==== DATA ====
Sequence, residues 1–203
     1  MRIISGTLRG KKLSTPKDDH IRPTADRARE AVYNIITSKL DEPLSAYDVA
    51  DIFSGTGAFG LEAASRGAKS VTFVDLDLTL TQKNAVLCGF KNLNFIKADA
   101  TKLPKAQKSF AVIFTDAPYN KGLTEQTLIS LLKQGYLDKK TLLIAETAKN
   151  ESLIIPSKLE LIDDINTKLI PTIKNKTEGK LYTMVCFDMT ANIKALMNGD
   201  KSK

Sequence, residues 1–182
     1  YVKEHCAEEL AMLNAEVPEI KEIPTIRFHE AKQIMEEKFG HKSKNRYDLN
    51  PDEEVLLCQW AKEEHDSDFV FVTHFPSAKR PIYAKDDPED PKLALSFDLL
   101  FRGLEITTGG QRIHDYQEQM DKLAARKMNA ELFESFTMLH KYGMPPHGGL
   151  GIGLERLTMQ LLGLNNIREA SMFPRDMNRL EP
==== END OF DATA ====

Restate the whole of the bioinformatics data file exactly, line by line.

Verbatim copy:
Sequence, residues 1–203
     1  MRIISGTLRG KKLSTPKDDH IRPTADRARE AVYNIITSKL DEPLSAYDVA
    51  DIFSGTGAFG LEAASRGAKS VTFVDLDLTL TQKNAVLCGF KNLNFIKADA
   101  TKLPKAQKSF AVIFTDAPYN KGLTEQTLIS LLKQGYLDKK TLLIAETAKN
   151  ESLIIPSKLE LIDDINTKLI PTIKNKTEGK LYTMVCFDMT ANIKALMNGD
   201  KSK

Sequence, residues 1–182
     1  YVKEHCAEEL AMLNAEVPEI KEIPTIRFHE AKQIMEEKFG HKSKNRYDLN
    51  PDEEVLLCQW AKEEHDSDFV FVTHFPSAKR PIYAKDDPED PKLALSFDLL
   101  FRGLEITTGG QRIHDYQEQM DKLAARKMNA ELFESFTMLH KYGMPPHGGL
   151  GIGLERLTMQ LLGLNNIREA SMFPRDMNRL EP